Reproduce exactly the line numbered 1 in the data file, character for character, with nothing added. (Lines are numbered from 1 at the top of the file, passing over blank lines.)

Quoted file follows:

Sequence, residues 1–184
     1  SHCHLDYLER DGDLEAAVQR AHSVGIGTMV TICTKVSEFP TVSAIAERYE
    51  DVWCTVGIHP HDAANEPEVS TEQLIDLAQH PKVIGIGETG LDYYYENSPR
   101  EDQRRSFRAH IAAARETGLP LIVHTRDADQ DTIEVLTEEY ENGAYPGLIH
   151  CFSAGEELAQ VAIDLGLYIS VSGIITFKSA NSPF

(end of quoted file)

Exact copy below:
Sequence, residues 1–184